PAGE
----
“Glue” is about four and a half minutes long, and it also has a serious pop undercurrent, distilling its various rave allusions into a package that’s far more digestible than the average techno epic. It may not be suitable for most DJ sets—the song’s weepy vibe isn’t exactly “peak time” material—but that doesn’t matter. “Glue” is hooky. It’s emotional. Moreover, it’s a genuine standalone listen, and in a time when dance music is increasingly being consumed not only via streaming playlists (as opposed to DJ sets), but also in live settings that feel more like a corporate concert than a sweaty warehouse party, that’s no small thing. Before “Glue,” Bicep was a relatively niche act, a couple of guys who less than a decade prior had literally gotten their start as dance music bloggers. Now they’re headlining festivals and are arguably one of the genre’s biggest acts, at least outside of the EDM circuit.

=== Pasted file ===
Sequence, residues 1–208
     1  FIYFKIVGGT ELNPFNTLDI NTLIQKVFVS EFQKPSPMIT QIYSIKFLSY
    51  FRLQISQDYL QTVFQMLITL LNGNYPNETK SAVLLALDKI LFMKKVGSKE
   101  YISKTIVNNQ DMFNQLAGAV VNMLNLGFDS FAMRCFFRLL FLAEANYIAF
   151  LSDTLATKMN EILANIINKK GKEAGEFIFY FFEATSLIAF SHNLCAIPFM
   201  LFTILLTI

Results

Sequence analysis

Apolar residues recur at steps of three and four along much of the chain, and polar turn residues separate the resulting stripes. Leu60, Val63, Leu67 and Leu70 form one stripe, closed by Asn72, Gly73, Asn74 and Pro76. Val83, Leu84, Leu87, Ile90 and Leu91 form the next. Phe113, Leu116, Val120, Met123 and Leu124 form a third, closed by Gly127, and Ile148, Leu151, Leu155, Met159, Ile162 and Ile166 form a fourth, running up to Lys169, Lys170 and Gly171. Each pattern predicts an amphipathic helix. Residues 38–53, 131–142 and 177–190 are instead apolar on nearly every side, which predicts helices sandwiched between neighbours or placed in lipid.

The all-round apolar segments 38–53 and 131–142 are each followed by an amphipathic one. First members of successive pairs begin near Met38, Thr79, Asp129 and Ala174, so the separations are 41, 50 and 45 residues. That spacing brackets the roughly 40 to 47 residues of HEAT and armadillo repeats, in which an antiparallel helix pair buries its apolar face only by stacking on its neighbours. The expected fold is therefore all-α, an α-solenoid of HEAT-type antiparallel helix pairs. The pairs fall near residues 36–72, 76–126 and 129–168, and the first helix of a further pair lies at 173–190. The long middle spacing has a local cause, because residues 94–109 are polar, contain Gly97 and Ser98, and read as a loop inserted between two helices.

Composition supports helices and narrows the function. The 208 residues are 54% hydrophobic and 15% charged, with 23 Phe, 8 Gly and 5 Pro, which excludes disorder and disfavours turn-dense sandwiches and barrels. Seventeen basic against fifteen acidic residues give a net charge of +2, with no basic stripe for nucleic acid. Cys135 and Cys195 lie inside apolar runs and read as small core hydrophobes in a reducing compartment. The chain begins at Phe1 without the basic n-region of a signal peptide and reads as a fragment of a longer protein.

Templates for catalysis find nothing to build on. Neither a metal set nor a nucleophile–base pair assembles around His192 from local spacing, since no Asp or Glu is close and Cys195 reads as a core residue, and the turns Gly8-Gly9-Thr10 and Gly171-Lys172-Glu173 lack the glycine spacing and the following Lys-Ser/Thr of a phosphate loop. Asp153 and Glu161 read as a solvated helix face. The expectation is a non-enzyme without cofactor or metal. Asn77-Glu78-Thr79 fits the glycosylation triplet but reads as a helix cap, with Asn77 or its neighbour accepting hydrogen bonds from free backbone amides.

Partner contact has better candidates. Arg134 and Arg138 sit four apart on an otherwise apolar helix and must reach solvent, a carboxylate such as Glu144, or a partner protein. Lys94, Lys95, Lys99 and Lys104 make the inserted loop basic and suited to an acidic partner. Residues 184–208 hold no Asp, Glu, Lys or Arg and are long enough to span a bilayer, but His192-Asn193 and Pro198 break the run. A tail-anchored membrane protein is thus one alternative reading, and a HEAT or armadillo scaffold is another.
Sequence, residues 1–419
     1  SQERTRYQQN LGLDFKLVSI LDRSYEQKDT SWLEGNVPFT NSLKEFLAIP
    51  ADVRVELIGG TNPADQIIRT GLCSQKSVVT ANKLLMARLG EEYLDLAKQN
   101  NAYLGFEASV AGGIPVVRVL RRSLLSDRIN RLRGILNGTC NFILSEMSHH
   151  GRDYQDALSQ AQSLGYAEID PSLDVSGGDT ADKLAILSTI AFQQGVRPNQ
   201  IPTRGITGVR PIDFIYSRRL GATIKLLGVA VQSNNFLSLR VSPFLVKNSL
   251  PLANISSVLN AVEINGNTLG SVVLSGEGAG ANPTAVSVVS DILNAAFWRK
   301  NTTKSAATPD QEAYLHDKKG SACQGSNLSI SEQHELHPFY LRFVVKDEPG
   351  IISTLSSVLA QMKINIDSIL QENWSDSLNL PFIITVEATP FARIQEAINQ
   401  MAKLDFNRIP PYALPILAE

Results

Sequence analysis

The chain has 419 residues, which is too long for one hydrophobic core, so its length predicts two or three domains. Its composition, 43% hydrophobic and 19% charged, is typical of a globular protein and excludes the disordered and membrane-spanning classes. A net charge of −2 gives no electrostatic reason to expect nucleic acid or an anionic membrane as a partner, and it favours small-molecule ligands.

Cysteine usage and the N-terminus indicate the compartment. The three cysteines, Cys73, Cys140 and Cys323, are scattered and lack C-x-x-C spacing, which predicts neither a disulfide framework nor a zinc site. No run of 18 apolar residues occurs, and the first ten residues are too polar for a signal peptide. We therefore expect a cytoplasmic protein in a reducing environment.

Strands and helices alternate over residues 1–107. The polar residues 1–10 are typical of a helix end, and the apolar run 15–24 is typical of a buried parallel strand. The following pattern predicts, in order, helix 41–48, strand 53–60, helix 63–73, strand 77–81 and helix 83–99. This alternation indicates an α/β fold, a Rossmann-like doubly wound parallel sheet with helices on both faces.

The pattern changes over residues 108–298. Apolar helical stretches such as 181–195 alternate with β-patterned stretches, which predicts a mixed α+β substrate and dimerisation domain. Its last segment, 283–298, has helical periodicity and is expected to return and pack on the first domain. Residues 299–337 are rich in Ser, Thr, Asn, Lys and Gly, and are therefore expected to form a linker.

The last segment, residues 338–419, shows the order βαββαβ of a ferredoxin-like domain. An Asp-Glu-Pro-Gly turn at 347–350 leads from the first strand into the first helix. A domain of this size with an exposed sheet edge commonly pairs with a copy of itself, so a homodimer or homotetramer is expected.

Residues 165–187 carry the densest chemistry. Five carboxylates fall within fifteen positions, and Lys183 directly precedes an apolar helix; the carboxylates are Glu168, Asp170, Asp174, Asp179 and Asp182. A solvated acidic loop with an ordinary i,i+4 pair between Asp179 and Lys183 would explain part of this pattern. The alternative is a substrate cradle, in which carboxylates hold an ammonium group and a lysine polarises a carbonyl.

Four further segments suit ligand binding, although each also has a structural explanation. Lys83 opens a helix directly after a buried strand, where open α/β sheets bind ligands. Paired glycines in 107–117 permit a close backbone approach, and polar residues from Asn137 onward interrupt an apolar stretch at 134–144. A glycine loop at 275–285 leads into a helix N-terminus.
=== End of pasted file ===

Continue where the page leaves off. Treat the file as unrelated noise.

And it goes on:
Like Bicep, Jacques Greene released his first album, Feel Infinite, in 2017. But it wasn’t until the Montreal producer’s 2019 follow-up, Dawn Chorus, that he fully embraced the feels. Greene has always had a tender streak, and a pop streak—you can detect lush bits of R&B in even his earliest offerings. But Dawn Chorus was the first time he actively pushed past the club. Billed in its press materials as something created for “the post-rave reflective moment,” the LP indulged in both ennui and euphoria as it dove into “the soup of electromagnetic signals that everyone wades through on the trek home” after a party. In Greene’s own words, it was “music about the club rather than for the club,” and more than half of its tracks clocked in at less than four minutes. The best song, the beautifully tortured “Drop Location,” was less than three.